The goal of the classifications in the assessment of cerebral palsy children is to assist in the communication between clinicians, select homogeneous groups of children for clinical research trials, facilitate the development of rating scales to assess improvement or deterioration with time, and eventually, to better match individual children with specific therapies.  Children categorized in levels 1 and 2 of GMFCS and MACS classifications were considered independent [Table 2]. However, in this study, it was found that in functional situation, where upper and lower limbs works in coordination, this complete independence was still not evident. This was reflected on self-care skills scores in PEDI where even minimal caregiver assistance in the form auditory cues was required to hasten the task being performed. On analysis, the component which seemed to reduce independence was quality as assessed with QUEST. This could explain why the quality of upper limbs plays a key role in bringing about smoothness and fluidity to performed movement. While spastic diplegics categorized in level 3, 4, and 5 [Table 2], who were considered dependent on gross motor and manual ability classifications, were found to have further involvement of self-care skills. This could be because as the quality of upper limbs reduces in standing, child spends more time in W-sitting providing wide base of support (BOS) with hands free to support, reach, manipulate, and play. The position produces inefficient lower trunk extension due to which the overhead reach, erect sitting, and lower trunk weight shift becomes difficult.  Thus in our study, children classified in higher levels required greater assistance as observed on PEDI with the quality of upper limbs being further reduced.
However, most of the studies showed that there are very few spastic diplegics who fall in GMFCS level 4 category. ,,, Palisano et al. mentioned that children initially classified in Levels 2, 3, and 4 were more likely to be reclassified if under the age of 6 years as they could produce changes in usual methods of mobility over a 3-4-year period along with therapy.  This could be, because children below 4 years in GMFCS are categorized on basis of quality of movement and ease of sitting, crawling, pulling to stand, cruising, and not on ability to walk alone.
To check what actually affects the quality of upper limbs, so that can be focused in the therapy, this study correlated GMFCS scores and QUEST and found moderate inverse correlation (r = −0.459), which implied that higher the deficit of gross motor function, the quality of upper limb skills further reduces. The correlation of MACS scores with QUEST showed a moderate inverse correlation (r = −0.586) suggesting that if the manual ability was affected, the quality also reduced. On correlating the scores of self-care domain of functional skills (r = 0.647) along with caregiver components (r = 0.666) of PEDI with QUEST, a strong correlation was obtained indicating that better quality of upper limb will lead to better functioning in daily activities. Thus it is the functional activity, which is being performed defines the quality of upper limb [Table 3].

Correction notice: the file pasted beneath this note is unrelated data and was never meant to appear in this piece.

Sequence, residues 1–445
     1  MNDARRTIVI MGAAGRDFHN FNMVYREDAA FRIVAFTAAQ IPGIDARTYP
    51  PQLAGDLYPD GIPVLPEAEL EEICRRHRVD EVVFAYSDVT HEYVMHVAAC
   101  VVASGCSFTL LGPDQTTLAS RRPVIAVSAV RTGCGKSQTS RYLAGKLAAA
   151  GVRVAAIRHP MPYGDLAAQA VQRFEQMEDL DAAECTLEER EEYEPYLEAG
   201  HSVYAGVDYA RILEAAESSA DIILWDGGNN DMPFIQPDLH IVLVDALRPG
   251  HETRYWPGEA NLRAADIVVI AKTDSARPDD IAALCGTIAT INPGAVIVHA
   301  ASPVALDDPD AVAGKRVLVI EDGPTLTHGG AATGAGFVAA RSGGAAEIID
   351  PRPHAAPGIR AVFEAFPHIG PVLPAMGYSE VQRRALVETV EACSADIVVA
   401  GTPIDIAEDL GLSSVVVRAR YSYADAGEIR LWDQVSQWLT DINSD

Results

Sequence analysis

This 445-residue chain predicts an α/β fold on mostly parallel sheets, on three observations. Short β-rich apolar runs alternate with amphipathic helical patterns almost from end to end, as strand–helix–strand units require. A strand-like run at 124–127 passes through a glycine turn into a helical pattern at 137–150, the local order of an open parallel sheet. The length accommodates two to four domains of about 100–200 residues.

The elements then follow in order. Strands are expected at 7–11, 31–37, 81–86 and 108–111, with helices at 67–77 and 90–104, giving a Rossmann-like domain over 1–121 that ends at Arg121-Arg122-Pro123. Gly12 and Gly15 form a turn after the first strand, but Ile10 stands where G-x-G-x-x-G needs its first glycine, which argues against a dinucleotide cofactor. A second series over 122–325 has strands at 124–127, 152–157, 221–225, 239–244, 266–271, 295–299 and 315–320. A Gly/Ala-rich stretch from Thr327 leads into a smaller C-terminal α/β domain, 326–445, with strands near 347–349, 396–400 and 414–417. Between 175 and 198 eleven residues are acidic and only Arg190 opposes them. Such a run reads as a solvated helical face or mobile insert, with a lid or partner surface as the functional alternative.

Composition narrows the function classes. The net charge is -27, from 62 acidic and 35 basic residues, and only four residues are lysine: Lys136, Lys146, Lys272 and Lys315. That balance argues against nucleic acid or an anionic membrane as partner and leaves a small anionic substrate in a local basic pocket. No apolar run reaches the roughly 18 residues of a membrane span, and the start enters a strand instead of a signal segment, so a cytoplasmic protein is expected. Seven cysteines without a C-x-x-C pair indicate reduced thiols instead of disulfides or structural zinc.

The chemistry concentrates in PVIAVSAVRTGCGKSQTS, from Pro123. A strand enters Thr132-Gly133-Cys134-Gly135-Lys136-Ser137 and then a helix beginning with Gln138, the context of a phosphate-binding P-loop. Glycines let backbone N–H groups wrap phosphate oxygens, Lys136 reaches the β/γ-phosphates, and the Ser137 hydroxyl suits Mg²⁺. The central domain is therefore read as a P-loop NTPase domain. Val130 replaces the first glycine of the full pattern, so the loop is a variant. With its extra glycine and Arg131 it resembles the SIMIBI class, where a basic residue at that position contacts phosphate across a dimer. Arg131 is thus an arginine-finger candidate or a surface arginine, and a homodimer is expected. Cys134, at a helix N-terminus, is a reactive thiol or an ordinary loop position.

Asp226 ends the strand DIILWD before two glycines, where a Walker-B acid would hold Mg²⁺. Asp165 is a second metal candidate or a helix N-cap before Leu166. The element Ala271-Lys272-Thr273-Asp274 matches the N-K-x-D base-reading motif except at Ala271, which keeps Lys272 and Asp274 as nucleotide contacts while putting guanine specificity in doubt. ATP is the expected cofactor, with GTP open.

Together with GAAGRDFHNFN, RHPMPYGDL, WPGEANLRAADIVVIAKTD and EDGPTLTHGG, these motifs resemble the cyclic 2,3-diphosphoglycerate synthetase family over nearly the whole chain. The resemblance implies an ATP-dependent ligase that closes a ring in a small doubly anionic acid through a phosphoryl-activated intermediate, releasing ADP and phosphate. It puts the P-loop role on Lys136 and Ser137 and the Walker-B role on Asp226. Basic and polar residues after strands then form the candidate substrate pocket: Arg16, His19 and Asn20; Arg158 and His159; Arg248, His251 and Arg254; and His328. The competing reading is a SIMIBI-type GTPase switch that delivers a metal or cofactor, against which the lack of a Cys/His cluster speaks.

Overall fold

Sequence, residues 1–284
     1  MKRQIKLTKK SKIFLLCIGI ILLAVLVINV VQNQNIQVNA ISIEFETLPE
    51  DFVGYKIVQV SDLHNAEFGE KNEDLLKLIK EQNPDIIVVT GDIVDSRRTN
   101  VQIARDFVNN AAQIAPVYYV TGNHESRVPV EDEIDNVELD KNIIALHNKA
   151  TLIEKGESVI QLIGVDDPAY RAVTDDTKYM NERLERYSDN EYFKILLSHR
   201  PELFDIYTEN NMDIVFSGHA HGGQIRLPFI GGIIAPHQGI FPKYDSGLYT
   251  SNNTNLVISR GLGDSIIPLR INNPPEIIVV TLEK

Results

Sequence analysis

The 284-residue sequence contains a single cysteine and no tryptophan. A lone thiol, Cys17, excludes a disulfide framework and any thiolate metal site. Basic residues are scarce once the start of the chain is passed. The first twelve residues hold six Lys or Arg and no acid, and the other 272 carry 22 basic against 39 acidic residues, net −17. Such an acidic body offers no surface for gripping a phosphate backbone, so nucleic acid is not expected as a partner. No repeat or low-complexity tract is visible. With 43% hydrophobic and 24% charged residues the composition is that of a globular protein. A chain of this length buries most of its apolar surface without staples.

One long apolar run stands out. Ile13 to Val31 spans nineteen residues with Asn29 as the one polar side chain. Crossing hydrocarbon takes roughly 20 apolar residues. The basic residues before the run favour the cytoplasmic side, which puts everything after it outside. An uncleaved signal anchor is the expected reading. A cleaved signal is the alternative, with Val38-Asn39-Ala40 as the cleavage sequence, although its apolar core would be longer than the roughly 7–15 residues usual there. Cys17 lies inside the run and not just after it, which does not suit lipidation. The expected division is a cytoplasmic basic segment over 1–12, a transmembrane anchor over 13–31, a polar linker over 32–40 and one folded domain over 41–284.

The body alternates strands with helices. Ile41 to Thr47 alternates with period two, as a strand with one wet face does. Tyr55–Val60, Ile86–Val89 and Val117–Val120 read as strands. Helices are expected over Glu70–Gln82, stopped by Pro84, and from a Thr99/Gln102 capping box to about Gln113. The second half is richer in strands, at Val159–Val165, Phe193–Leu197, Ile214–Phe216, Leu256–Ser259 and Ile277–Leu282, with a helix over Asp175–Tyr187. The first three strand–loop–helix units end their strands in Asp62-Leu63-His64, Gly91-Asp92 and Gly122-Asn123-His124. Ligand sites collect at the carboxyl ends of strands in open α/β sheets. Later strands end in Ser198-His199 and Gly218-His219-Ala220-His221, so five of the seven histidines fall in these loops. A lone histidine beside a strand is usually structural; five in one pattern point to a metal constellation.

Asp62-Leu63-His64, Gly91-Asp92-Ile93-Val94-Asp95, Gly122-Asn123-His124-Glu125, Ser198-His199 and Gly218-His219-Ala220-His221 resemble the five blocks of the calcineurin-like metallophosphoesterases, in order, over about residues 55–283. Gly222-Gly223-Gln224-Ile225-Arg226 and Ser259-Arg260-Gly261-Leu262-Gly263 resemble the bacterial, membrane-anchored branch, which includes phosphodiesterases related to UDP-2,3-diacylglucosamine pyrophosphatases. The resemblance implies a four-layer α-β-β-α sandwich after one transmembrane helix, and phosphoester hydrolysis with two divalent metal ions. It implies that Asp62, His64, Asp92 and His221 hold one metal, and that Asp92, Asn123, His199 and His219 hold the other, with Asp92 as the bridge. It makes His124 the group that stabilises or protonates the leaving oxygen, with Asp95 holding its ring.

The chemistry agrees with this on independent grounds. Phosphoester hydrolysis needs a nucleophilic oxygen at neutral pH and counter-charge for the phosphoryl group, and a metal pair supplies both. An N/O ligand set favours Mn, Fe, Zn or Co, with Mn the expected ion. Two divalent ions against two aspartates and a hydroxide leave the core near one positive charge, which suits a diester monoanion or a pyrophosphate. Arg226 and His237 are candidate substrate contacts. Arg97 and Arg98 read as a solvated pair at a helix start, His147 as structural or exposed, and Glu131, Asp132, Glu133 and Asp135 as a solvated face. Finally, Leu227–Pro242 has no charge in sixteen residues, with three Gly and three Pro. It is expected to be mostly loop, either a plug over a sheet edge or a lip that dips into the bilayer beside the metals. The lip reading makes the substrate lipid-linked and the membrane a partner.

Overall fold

Accordingly, we found that quality of upper limb plays a noteworthy role in independent functioning. To elaborate quality, this study explored the four components of QUEST and found its correlation with GMFCS, MACS, and self-care component of PEDI [Table 4].
In this study, the first component of QUEST, i.e., dissociation showed a weak correlation with GMFCS, while with MACS and self-care and its caregiver components of PEDI, a moderate correlation was observed. This could be due to poor individuation which results in excessive and unintended motion at linked body segments.  Spastic diplegic show complete isolation of movement at each joint of each limb, but when movements are initiated with lower extremities as BOS there is lack of individuation which affects the relation with GMFCS. , The dissociation component of QUEST assessed only individual joints, but the MACS involved the ability to handle objects with both the hands functionally, which eventually influenced the relation of MACS with dissociation component.  However, most of the activities of daily living involve trunk and both the upper extremities, while in spastic diplegic, trunk rotation was found to be significantly affected due to locking of upper part of lumbar spine, rib cage elevation, and weak obliques.  Thus, justifying the relation of dissociation component of QUEST with PEDI.